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Thanks to all who replied. After reading your posts, I realize that a joint brokerage account would be a bad idea. Your replies have raised additional questions in my mind.

I intend to sell stock that I own to a friend by transferring the stock from my brokerage account to my friend's brokerage account. Does a Form 1099B need to be completed? If so, should it be completed by the friend or myself?

Some people have said that they report this info in a nominee fashion as opposed to using a 1099. I am confused as to how that would work since the stock sale may involve a capital gain/loss as opposed to interest income. If a 1099 is not the best route, how do I go about doing the nominee thing?

The above is the short version of my question. The following is the long version. I have an American Express brokerage account ($100,000 plus) that enables me to buy and sell stocks without paying a commission. I have a friend who would like to start buying and selling stocks, but he has only about $1,000 to invest. I want to help him buy and sell without him having to incur the commission fees which can eat up a small account.

My goal is to buy the stock that he wants and then write a letter to his broker, TDWaterhouse, in which I agree to transfer the stock to his brokerage account. (If necessary to accomplish this I can establish my own separate TDWaterhouse account.) My friend will write me a check to reimburse me for the stock purchase. When I transfer the stock to him via a letter written to his or my brokerage account, it is my understanding that the broker will not send in a 1099B for this transaction. Do I need to complete one? If so, can the sale proceeds be shown as the proceeds on the date I bought the stock or do the proceeds have to be shown as of the fair market value on the date the stock was transferred into his account? Ideally, the proceeds will reflect the stock price on the date I bought the stock since that is the price that I intend to sell it to my friend. If it would be better, I can always have my friend pay for the stock as of the FMV on the date of transfer and do the 1099B that way too.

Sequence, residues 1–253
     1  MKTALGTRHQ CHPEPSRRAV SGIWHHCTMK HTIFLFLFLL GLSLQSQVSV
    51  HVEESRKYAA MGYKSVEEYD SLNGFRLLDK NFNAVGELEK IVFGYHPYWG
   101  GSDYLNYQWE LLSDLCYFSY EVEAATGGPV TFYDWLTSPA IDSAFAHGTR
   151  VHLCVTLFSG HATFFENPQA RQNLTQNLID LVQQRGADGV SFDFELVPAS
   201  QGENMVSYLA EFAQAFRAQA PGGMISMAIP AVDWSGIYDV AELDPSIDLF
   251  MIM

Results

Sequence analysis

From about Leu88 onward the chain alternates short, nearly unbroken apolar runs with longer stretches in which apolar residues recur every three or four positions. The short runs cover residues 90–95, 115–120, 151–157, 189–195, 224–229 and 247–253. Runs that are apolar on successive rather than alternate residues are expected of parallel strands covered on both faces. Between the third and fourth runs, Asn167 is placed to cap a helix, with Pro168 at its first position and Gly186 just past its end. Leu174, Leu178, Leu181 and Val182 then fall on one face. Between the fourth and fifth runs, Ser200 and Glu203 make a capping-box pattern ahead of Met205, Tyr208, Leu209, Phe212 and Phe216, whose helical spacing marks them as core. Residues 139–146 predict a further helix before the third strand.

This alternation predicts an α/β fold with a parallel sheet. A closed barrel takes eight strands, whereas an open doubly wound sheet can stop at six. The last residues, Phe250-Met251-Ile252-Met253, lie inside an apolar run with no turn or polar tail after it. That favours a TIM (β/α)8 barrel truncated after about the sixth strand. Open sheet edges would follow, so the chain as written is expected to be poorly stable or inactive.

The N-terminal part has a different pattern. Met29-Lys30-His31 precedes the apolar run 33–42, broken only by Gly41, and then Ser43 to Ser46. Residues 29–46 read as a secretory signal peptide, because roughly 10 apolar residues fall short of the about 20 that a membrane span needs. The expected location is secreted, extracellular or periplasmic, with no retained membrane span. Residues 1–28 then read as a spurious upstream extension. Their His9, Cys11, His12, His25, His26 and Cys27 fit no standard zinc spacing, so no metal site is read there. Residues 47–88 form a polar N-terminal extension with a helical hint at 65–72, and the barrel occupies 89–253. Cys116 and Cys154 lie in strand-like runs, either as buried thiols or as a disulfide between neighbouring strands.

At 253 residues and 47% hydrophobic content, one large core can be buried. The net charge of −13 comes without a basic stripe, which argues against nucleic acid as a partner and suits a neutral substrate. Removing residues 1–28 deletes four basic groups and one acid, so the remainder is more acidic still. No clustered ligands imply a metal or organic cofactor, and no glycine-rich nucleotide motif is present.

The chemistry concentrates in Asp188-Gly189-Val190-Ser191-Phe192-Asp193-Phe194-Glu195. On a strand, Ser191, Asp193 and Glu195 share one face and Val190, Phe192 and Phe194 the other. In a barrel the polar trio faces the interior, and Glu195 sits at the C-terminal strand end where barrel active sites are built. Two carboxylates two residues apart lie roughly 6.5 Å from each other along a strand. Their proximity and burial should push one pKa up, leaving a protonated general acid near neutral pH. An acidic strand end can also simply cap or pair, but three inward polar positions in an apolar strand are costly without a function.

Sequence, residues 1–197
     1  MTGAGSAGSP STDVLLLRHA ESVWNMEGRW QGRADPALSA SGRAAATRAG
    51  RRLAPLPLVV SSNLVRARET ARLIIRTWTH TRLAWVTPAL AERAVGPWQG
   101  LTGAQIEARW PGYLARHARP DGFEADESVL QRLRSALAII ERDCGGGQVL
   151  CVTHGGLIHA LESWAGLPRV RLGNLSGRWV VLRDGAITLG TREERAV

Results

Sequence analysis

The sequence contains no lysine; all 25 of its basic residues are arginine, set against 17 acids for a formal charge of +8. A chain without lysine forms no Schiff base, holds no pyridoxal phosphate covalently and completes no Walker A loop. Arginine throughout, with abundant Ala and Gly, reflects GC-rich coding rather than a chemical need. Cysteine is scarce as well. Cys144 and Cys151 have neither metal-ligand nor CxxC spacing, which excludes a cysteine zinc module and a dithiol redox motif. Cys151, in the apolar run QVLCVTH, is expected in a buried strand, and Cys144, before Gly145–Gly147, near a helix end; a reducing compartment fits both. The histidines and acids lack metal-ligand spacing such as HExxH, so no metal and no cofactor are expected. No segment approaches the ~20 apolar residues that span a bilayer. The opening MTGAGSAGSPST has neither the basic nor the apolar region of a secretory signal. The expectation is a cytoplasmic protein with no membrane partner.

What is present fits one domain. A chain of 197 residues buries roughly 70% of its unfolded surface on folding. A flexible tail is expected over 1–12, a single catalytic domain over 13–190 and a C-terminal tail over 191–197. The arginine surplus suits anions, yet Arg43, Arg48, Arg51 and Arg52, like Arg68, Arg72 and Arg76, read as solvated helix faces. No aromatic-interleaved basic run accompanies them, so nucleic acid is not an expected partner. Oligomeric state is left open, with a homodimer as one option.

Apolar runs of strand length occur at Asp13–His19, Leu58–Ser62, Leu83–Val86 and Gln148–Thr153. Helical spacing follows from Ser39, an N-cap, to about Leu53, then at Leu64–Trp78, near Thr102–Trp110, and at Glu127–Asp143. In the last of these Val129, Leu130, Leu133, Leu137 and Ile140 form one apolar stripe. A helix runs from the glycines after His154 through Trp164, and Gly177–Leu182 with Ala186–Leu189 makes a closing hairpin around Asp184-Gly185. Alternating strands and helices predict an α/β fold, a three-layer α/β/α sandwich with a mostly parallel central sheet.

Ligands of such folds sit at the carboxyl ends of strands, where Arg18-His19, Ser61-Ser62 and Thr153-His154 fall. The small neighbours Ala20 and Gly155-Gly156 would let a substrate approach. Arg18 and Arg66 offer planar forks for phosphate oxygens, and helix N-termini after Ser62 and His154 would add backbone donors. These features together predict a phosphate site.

Later on my friend may want to sell his stock in which case the stock would be transfered to my American Express account so I can sell it without a commission fee.

I know this is a lot of paperwork and hassle just to avoid a $12 brokerage fee. But my friend's account is small and he seems to be the type that likes to trade a lot. I am assuming that the hard part is figuring out how to get this to work properly. I keep my financial records on Quicken and spitting out a summary of the transactions should not be a problem - just extra paperwork, hopefully.

I thought about going the investment club route, but that seems to be more of a hassle (extra paperwork and fees) considering that this thing just involves two people.

Thanks for your input.
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